Miami Beach, Florida, one of the most popular resort cities for short-term rentals, is cracking down on illegal listings by proposing strict requirements on how properties are advertised.
The sweeping changes to an existing law, if approved, could have a major impact on the short-term rental market.
"I wish Airbnb and some of these other home-sharing platforms would be responsible and simply say, 'We're not going to send people into neighborhoods which forbid this kind of behavior,'" said Miami Beach Mayor Dan Gelber, who is proposing the changes.
Miami Beach prohibits rentals for less than six months and one day unless the property is in a legally permissible zone, such as most of tourist-dense South Beach. Short-term rentals are largely illegal in the residential areas of the city.
The city already imposes stiff fines for illegal short-term rentals that start at $20,000 for the first violation. But the activity has continued despite the tough enforcement.
The mayor's proposal comes on the heels of a CNBC investigation last month which found the city trying to enforce regulations on illegal listings, through the fines and routine visits by code compliance. The investigation also found commercial companies leasing properties and turning them into illegal rentals, not only in Miami Beach but in other cities around the country.
Property owners who rent out rooms in Miami Beach are now required to have a resort tax certification number and a business tax receipt number, which is a business license. Since rooms are being rented out, owners must pay the resort tax to the city. Short-term rental platforms are not covered under the existing law.
The proposed amendment would require each property owner engaging in short-term rentals to "conspicuously display the city-issued business tax receipt number in every advertisement or listing of any type in connection with the rental of the residential property," the proposal states. "Failure to comply with this requirement shall create a rebuttable presumption that the residential property is being operated without the proper registration."
It is expected to be on the City Commission's agenda in July.
Airbnb did not immediately respond to a request for comment. But in an interview at Airbnb headquarters in San Francisco last month, Chris Lehane, the company's head of global policy, said Airbnb is open to talks with Miami Beach.
"There has to be two parts to this," Lehane said. "They have to be able to work with us so that they can effectively enforce. Government has the authority and responsibility to do enforcement."
He said: "We can give them the tools. We can give them the information. They're presumably trying to do enforcement right now. Not particularly successfully, on one hand, because this activity has always existed there. On the other hand, because it's really difficult for them to be at the end of the day, able to enforce a middle-class family who's trying to make a few extra bucks."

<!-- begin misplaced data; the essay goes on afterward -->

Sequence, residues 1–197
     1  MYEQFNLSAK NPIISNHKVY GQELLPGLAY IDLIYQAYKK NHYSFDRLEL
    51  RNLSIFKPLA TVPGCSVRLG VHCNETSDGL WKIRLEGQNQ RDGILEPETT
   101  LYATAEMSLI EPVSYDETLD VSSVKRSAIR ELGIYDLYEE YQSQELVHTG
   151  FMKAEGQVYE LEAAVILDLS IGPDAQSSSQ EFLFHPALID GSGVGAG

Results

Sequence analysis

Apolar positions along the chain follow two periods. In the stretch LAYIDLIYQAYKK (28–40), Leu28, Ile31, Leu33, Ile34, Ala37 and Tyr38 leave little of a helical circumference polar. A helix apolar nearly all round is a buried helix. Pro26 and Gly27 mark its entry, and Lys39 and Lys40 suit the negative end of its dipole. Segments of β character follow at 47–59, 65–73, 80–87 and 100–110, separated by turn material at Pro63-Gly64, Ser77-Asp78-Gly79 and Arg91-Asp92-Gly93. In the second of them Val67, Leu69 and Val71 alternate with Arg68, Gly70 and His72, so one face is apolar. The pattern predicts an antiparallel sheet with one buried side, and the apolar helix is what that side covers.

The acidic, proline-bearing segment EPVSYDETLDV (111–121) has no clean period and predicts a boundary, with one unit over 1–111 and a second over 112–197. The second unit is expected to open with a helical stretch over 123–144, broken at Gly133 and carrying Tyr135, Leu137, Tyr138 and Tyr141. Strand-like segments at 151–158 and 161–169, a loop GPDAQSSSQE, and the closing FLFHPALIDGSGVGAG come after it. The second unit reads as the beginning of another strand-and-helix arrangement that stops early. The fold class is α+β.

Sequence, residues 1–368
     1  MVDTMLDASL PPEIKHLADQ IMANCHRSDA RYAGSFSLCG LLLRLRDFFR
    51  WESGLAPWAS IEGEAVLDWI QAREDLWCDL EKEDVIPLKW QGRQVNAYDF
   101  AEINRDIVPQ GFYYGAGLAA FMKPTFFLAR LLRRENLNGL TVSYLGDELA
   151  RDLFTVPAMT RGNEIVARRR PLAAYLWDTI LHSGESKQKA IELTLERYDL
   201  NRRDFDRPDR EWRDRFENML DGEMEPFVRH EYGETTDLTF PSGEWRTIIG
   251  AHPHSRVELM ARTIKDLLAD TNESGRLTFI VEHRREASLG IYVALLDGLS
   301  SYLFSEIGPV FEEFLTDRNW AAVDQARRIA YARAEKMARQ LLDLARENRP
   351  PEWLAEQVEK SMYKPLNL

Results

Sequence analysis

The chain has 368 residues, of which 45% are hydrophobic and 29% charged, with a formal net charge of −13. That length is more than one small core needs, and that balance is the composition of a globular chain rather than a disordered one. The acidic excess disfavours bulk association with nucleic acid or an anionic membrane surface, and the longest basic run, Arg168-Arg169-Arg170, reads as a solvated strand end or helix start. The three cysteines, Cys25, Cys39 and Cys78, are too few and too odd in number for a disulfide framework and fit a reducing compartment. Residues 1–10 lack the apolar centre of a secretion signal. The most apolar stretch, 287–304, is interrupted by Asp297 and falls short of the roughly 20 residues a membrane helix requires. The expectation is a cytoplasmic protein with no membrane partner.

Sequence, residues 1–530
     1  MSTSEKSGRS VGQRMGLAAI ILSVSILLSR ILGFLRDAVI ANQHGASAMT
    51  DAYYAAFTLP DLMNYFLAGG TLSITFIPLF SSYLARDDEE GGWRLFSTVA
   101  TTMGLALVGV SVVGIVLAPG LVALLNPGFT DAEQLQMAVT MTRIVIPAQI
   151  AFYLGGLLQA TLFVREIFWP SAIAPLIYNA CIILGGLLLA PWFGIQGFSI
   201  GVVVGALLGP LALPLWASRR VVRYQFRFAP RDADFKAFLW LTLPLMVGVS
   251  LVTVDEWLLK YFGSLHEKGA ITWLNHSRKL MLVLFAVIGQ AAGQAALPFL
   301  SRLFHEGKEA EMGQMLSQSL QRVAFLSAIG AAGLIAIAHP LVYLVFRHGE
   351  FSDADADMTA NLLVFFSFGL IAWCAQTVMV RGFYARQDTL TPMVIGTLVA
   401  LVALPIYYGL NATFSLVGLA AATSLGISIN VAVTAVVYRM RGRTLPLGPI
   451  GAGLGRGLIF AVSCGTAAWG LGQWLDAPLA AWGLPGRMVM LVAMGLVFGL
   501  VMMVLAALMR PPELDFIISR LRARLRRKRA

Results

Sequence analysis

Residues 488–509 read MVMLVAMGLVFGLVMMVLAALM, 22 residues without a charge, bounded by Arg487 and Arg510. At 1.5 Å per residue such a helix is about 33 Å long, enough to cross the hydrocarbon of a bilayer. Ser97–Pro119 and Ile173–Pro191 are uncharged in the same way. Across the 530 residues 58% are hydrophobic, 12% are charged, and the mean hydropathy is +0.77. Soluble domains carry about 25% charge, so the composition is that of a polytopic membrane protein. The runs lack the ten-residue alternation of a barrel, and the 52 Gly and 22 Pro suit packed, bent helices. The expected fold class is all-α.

Asked repeatedly why Airbnb won't block illegal listings in Miami Beach on its own, Lehane said: "We've worked with cities all over the country. We've put in something called a pass-through registration system. Cities can determine if something is in the permissible area or not. We've done that. We've done it all over the place. Happy to do that in a place like Miami Beach."
Gelber said: "Airbnb's business model is not compatible with the kind of recognition that short-term rentals are not broadly in the public interest in cities. So they're either going to fight or they're going to change."
Leslie Cafferty, spokesperson for Booking Holdings' booking.com, told CNBC, "We abide by all local laws and so if the law changes, we will accommodate."
Expedia, which owns HomeAway, did not immediately respond to a request for comment.
Cities around the world have cracked down on illegal short-term rentals in various ways. For example, last year, Airbnb and HomeAway, reached a settlement with San Francisco. The two platforms agreed to enforce regulations passed in 2014 that require them to register all hosts.
The settlement also requires Airbnb and HomeAway to collect data from people who list their units for under 30 days, information San Francisco can use when determining who can register.
The goal of the agreement was to limit the number of "commercial de facto year-round hotels," according to Omar Masry, senior analyst of the San Francisco Office of Short-term Rental Administration and Enforcement.
"We tend to see a strong correlation with quality-of-life issues, noise and parties," Masry said about commercially operated listings, adding they "rarely see this with short-term rentals playing by the rules."
Since the new rules went into effect last September, the number of listings has dropped from around 10,000 to 4,000.
Masry said the city has been working closely with Airbnb to identify illegal listings and remove them from the platform.
"We've seen a massive reduction in illegal listings, including many folks who we had seen operating ... high-volume short-term rentals across the city," Masry said.
In order to register with San Francisco, hosts must provide personal information such as proof of residency in the unit, a driver's license, photo identification and basic listing information for the property. Hosts must also pay fees for a business registration certificate and a short-term residential rental certificate.